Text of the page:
Thursday, November 23, 2006

Microsoft’s Vista and Office 2007: bad news for pirates

Can Microsoft’s latest anti-piracy protections really stop the Vista and Office 2007 pirates, or will pirates finally have to walk the plank?

Efforts to stamp out piracy have been with computers since it became possible to make a copy of a program and run it on another computer successfully. Anti-piracy software, code wheels, license keys, hardware dongles and more all failed in some way, either through the use of a master key code, a crack that turned trial software into the full version, removed the check for dongles, or somehow picked the lock of anti-protections.

But now that almost all computers and an increasing array of electronic devices are almost permanently connected to the Internet, or can be wirelessly Net connected in just a few seconds, anti-piracy features that are delivered and updated over the Internet are starting to change this forever.

Copies of Vista and Office 2007 installed from a friend’s CD or DVD will need a valid license key within 30 days or will enter into a ‘reduced functionality mode’, severely limited the ability to use the software. This is actually nothing new, with XP and Office 2003 already having these features for years.

But with the Windows Genuine Advantage (WGA) and the nearly 18 month old Office Genuine Advantage (OGA) program in full swing, even if pirates are able to ‘crack’ copies of Vista and Office 2007 to work without activation, if you want to get Vista and Office updates, you’ll be subjected to a Genuine Advantage check. If you don’t pass, you don’t get updates.

With Vista, it might get more serious that than. The Software Protection Program (SPP) may kick in and give you nothing but a browser screen and Internet access (if it’s already automatically on), and logging you out after an hour. You can keep logging in every hour, but with only access to one browser window, you’ll need to make your software legitimate, either by buying a license key online there and then with a credit card, or loading a licensed copy of Vista from DVD.

That’s what already happens after 30 days with Vista if you haven’t activated your copy, but if Microsoft could detect that your copy was pirated with some kind of crack, they could easily get this to activate immediately or with very little warning.

If that happens to pirates, they won’t be very happy, and what will ensue is a tit-for-tat war between pirates and Microsoft, with the pirates breaking the protections and then Microsoft identifying the pirate copy and the cycle starting again, virtually ad infinitum like a guerrilla war.

It’s Microsoft against not only the software pirate ‘rebel’ insurgents, but all those other companies offering free, cheaper or just different alternate versions, like Mac OS X against XP and Vista, Corel’s Wordperfect Suite against Office or Google’s Docs and Spreadsheets against office.

And as Microsoft is planning to license the SPP system to other companies, some of whom are building their own version of the same thing, it’s going to get a lot harder for the pirates to use their pirated software in peace. There’s also always the chance that the WGA or OGA systems are malfunctioning or hacked, and your legitimate copies are flagged as pirate copies, with this already happening earlier on during the WGA program.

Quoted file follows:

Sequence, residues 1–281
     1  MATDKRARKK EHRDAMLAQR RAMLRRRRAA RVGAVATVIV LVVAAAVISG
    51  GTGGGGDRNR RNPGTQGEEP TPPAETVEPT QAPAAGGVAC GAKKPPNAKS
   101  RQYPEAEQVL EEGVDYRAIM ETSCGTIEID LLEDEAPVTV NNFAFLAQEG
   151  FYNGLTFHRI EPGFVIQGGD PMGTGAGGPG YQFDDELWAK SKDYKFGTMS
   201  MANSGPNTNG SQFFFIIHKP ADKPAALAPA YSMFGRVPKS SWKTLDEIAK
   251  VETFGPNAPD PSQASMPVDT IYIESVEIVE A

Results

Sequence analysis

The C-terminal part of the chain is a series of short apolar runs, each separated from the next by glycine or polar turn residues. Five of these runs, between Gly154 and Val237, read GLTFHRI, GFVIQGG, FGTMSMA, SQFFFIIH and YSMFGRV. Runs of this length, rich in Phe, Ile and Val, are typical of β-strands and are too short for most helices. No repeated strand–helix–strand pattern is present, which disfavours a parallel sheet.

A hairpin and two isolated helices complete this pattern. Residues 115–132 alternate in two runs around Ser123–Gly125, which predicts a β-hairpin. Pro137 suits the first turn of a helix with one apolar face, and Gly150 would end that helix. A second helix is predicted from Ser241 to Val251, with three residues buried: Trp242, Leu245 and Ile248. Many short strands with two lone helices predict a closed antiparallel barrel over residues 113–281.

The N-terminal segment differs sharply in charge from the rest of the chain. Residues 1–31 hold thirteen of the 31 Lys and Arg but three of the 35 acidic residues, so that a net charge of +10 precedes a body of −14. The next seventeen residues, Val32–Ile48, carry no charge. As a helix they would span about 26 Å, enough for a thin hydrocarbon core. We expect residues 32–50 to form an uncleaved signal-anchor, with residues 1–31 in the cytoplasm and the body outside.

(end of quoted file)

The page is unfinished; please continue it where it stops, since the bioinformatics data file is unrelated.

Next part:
But if this happened on any scale again, Microsoft would theoretically scramble to fix it as quickly as possible, especially if it was widespread, as news would leak and people would report problems to journalists if they didn’t get any positive action to fix the problem.

With much of the world’s software empires having some form of pirate user base, with Windows and Office being two big examples of software that has always been highly pirated, people used to using Microsoft software free of charge to save a few bucks will either have to put up with older versions, actually pay for a licensed copy, try a free or a cheaper alternative, or play the piracy game with Microsoft and the software coders that try to get around the protections.

The goal of a PC on every desk, while not globally fulfilled with billions yet to use a PC, has been nevertheless so successful that it has still given Microsoft billions of dollars in revenues and profits, while giving users all kinds of new capabilities even if they were intertwined with the occasional Blue Screen of Death.

One school of thought says that Microsoft would sell hundreds of millions more copies if only the software was cheaper – imagine if Windows Ultimate was only US $99. Why wouldn’t you buy it? At US $399, and $759 in Australia, it’s not hard to imagine why pirates might want to avoid paying. But in a free market, a company is free to charge what it chooses, with competition providing the incentive to keep prices low.

But even with free operating systems and alternate office suites, browsers and plenty of other free or inexpensive software out there, Microsoft is still the people’s choice with a 90%+ installed user base.

Yes, part of the user base was made up of pirate copies, but that helped, over the years, to turn Microsoft software into the most widely used standard. Of course, hundreds of millions of legitimate sales did that too, with Microsoft reaping rich rewards and becoming the world’s No.1 software company.

Now that most users are connected to the Internet, Microsoft can enforce the licensed use of their software much more easily than ever before. If you’ve pirated in the past and want to keep on using Microsoft’s latest software, well... this time around, you might just find yourself paying, whether by buying retail copies, or getting Vista and Office pre-installed (at much cheaper rates than boxed retail copies when subtracted from the cost of the hardware) on a brand new desktop or laptop PC.

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